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On Tuesday 15 January 2002 08:26 am, Elliotte Rusty Harold wrote:
> At 11:15 PM -0500 1/14/02, Gavin Thomas Nicol wrote:
> >What happens if I don't
> > a) read english
> 1. Ask a colleague who reads English
> 2. Hire somebody to translate it into the language of choice
> 3. Get a dictionary
Let's change it to Maori then. Do you have 1) or 2)? How much would 2)
> > b) know the schema
> I read the English.
or the Maori apparently.
The point is that XML can be as opaque as anything else, and that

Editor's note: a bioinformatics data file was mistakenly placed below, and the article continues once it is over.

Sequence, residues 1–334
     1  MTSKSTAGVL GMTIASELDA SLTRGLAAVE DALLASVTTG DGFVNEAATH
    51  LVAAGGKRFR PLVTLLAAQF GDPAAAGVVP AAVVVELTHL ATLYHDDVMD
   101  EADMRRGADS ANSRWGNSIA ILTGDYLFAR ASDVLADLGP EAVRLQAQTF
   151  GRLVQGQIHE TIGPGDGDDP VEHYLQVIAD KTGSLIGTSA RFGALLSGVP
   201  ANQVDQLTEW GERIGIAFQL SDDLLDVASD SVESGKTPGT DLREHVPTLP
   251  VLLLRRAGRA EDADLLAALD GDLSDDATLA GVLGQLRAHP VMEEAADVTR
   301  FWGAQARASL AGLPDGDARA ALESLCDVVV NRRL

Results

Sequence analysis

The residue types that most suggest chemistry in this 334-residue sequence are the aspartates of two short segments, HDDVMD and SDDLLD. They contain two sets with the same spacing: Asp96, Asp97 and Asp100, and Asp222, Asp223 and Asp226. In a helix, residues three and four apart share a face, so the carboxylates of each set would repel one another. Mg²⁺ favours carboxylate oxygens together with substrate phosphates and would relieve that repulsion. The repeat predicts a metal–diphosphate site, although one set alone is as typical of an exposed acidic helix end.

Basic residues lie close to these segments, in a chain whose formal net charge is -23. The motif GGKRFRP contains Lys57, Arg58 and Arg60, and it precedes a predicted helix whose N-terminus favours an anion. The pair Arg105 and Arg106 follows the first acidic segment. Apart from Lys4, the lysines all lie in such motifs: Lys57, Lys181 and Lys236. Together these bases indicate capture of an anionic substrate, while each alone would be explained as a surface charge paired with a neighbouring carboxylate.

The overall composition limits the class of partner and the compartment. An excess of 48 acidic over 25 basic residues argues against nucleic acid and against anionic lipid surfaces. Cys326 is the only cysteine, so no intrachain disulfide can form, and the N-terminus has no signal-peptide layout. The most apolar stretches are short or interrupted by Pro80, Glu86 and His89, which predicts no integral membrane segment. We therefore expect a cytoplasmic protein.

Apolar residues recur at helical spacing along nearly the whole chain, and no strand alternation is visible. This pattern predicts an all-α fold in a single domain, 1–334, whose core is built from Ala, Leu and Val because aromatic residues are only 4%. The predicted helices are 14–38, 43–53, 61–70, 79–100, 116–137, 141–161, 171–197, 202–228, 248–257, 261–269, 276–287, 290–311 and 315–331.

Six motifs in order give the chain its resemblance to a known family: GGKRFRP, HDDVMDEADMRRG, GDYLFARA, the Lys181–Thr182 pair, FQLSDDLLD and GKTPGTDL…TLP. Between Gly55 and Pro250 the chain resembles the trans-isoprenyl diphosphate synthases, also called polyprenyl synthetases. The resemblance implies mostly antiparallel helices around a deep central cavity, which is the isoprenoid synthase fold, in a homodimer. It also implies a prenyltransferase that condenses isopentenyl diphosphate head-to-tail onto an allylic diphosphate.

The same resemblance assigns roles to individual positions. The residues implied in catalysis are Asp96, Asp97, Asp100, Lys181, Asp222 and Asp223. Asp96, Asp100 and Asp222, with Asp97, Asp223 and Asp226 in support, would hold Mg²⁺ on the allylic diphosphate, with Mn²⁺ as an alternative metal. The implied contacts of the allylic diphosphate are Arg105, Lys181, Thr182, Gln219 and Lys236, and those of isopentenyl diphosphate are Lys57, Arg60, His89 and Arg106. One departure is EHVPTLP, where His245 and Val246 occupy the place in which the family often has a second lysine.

tags, in and of themselves, say little about overall semantics, and
hardly anything about structure beyond encoding an attributed tree.
An attributed tree is admittedly a useful data structure, but not
without some means for interpreting it.... and in that regard, XML is
no better, and perhaps somewhat worse than CSV... because the signal
to noise ratio is higher *if* the names are not intuitive to the
There *are* benefits to using XML well, and defining "largely
interoperable" tag vocabularies (HTML). Those benefits spring not from
XML, but rather, careful use thereof.